Despite my relative distaste for most of the films released under the banner of After Dark's "8 Films to Die For," I'm pleasantly surprised and utterly elated to find a film that not only exceeded my expectations but renewed my hope in the popular horror film fest. Despite being biased with my love for cinema verite horror, Lake Mungo was wholly original and utterly terrifying, relying solely on brief images and grainy video footage to frighten the crap out of the viewer. It's a damn shame it took me this long to get around to watching it. Sadly, the film is set to be remade for American audiences, because apparently Australian accents and a modest distribution through a popular film festival just doesn't cut it.
Hausu, directed by Nobuhiko Obayashi, 1977
While the Watching Hour, Denver Film's loose parallel to the Austin, TX Alamo Drafthouse Terror Tuesday program is far less popular, it nevertheless brings around some solid horror fare, courtesy of head programmer Keith Garcia. This past weekend I finally got to see Hausu on the big screen, and save for the two rows behind me who thought EVERY. SINGLE. SCENE was hilarious, the film certainly didn't skimp on the surrealistic absurdity. If you find yourself in a position where you can watch this on the big screen I highly suggest you do so.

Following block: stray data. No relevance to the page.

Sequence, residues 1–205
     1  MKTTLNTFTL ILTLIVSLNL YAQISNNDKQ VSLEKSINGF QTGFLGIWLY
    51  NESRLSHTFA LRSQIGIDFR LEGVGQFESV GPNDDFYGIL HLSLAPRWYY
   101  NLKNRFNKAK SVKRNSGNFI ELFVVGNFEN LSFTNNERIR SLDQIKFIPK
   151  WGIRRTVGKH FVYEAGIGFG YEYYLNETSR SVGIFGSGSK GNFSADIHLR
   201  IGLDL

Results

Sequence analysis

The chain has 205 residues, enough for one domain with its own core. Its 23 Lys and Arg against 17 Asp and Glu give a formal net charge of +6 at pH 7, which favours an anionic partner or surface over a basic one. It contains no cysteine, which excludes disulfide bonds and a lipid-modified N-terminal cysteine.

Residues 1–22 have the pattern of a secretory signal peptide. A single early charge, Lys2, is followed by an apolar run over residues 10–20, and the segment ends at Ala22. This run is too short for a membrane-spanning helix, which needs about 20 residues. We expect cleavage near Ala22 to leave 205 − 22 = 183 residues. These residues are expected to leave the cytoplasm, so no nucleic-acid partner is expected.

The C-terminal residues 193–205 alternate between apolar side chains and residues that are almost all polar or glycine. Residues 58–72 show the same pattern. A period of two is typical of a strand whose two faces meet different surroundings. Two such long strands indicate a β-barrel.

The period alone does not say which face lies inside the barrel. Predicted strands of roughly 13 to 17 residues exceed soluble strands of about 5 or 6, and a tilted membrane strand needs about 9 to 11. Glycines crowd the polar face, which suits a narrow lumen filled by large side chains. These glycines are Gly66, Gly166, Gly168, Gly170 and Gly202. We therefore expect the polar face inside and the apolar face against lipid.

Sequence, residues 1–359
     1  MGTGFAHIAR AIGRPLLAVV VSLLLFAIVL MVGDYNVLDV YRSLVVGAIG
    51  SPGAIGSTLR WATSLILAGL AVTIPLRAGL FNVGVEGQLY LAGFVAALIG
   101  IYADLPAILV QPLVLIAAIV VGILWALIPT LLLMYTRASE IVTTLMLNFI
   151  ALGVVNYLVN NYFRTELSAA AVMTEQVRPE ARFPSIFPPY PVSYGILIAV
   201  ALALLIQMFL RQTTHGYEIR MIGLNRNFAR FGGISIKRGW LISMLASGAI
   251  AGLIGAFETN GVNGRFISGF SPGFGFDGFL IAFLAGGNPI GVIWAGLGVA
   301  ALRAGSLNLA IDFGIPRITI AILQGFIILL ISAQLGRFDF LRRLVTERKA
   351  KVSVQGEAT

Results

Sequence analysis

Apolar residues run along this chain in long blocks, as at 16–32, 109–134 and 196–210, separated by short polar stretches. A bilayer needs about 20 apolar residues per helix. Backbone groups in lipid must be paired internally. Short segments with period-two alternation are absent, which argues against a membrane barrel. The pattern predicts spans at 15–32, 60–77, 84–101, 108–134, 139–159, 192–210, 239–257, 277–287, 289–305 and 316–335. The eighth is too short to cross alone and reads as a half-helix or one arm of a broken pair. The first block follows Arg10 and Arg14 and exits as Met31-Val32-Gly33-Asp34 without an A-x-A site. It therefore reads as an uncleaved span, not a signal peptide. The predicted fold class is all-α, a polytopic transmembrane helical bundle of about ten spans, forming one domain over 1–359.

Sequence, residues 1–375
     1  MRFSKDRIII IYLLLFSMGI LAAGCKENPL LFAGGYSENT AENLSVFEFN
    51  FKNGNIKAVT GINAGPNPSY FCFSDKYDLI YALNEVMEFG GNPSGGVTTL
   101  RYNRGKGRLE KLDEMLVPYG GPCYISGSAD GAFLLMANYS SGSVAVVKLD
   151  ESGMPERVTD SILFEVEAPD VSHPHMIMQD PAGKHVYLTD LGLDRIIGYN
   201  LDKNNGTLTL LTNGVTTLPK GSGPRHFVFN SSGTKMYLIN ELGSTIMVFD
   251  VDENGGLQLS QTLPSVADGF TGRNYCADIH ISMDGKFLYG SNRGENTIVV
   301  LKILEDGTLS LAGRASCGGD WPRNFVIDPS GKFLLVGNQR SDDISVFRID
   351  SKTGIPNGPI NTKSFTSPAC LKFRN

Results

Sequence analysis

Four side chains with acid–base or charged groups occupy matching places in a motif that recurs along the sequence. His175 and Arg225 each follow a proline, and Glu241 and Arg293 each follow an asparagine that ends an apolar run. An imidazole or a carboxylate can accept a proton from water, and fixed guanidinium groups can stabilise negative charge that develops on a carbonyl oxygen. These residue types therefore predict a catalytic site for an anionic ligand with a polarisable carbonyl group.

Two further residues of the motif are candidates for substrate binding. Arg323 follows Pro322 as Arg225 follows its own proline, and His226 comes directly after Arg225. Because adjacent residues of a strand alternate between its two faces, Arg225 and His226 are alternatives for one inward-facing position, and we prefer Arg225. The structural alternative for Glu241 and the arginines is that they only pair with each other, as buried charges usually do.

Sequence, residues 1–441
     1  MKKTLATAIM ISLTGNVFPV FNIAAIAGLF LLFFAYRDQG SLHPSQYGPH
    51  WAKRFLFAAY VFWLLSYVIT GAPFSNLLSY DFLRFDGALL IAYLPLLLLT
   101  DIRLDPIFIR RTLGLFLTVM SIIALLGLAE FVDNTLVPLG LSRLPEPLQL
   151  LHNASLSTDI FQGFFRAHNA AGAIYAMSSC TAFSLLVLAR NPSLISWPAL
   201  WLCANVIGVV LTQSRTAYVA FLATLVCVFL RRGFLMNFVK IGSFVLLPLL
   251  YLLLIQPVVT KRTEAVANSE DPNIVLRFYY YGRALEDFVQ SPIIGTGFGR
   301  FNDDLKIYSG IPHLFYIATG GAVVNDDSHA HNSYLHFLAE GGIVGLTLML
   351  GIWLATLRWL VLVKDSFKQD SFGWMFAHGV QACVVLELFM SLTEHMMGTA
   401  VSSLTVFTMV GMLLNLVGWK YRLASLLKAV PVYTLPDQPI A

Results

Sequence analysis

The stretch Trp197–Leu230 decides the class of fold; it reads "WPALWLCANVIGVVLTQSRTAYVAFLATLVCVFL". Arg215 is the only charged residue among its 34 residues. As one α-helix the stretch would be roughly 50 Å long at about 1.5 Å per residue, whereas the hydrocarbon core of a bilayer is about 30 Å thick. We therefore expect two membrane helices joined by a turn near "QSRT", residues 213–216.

Ravenous, directed by Antonia Bird, 1999
I was recently in the mood to break out an old favorite, and since someone has my copy of Oldboy, I busted out Ravenous, a highly underrated thriller cum black comedy that I am proud to call one of my favorite movies. I first saw the film in high school, recommended to me by a friend who would come to be obsessed with The Blair Witch Project he owned a stick-figure necklace. But I digress. Ravenous blends together the right amount of humor to venture into black comedy territory, while still maintaining the requisite amount of violence and tension to earn it the moniker of horror. Plus, I can never get enough of the fight scene toward the end of the film.
Fun fact: I actually bought the soundtrack to the film, which was co-written by composer Michael Nyman and Blur/Gorillaz frontman Damon Albarn.